Our expert says:
It's the leaky valve that I'd be more concerned about , to be honest. The extra beat, as for a skipped beat, is relatively common (though not always for the reasons yours has developed) and doesn't usually pose any major problems (although under the circumstances, I would not commit to that view point - a cardiologist is the better person to advise on that one).
Now, the leaky valve could develop into something if you're not careful. The problem here is that the normal pumping function of the heart could be impaired as a result of the valve not closing fully, and then blood is forced backwards, the wrong way. That is something you would need to be mindful of - perhaps your yawning is a symptom of this - it would fit.
now, as for exercise, i do believe that it is good, but under the circumstances, should be regulated very carefully. I don't think that the main problem you face is getting oxygen though - the body will tell you that pretty fast, it is designed to protect probably the brain from running out of oxygen and you'd develop symptoms that force you to stop exercise pretty quickly if it was a risk. However, that is the normal situation, and given yours, you would need to avoid this situation as much as possible, because a potentially weak heart would not respond well to too much stress from exercise.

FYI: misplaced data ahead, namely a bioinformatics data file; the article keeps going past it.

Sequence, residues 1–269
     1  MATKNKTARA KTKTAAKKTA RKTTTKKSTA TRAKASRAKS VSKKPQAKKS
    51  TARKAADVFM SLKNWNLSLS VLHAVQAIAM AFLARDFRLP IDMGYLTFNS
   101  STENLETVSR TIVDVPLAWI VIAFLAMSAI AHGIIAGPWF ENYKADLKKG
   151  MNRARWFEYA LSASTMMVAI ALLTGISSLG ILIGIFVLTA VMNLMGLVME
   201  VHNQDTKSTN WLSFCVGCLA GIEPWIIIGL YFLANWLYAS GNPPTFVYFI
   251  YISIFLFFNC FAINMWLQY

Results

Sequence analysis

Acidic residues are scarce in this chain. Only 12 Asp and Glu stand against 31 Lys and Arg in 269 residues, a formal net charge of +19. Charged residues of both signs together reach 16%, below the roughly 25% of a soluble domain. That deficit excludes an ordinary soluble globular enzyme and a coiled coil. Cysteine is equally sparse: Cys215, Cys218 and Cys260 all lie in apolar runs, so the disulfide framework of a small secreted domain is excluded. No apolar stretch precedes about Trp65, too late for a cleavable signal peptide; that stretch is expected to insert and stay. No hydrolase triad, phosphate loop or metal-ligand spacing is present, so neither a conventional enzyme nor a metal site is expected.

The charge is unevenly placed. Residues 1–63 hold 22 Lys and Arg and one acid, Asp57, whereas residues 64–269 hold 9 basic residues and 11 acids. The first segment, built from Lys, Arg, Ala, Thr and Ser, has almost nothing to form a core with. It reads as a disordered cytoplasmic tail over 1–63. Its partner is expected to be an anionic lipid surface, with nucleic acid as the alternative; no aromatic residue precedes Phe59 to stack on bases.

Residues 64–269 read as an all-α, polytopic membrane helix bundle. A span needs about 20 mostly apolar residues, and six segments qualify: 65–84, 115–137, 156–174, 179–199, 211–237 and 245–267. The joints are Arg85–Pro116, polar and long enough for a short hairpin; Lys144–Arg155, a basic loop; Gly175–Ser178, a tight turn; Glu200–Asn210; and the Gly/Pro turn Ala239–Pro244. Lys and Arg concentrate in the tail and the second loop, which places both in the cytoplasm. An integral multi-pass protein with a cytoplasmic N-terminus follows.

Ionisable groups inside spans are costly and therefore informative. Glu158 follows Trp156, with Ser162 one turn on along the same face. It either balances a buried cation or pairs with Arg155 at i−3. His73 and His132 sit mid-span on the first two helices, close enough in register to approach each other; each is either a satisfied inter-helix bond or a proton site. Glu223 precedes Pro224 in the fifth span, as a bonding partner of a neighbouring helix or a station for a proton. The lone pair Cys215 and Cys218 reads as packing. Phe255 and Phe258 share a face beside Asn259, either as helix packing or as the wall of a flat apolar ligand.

It makes no sense, and may well be risky to exercise a 'damaged' heart because then the "stress" of exercise, which normally helps the heart get stronger, can become excessive and what one would call "uncompensable" - that is, your heart cannot adapt. So my earnest advice is that you need to consider seeing a specialist, face to face, and maybe have some tests on heart function done. That can check for cardiac function and tell pretty quickly if there is a problem with either blood pressure, electrical problems (the skipped beat/extra beat syndrome). So given your recent symptoms, I think it's important that we eliminate the guesswork and have it tested, and that means getting to your doctor, being referred to a cardiologist and then they will monitor you during controlled exercise and identify exactly what the prognosis is.
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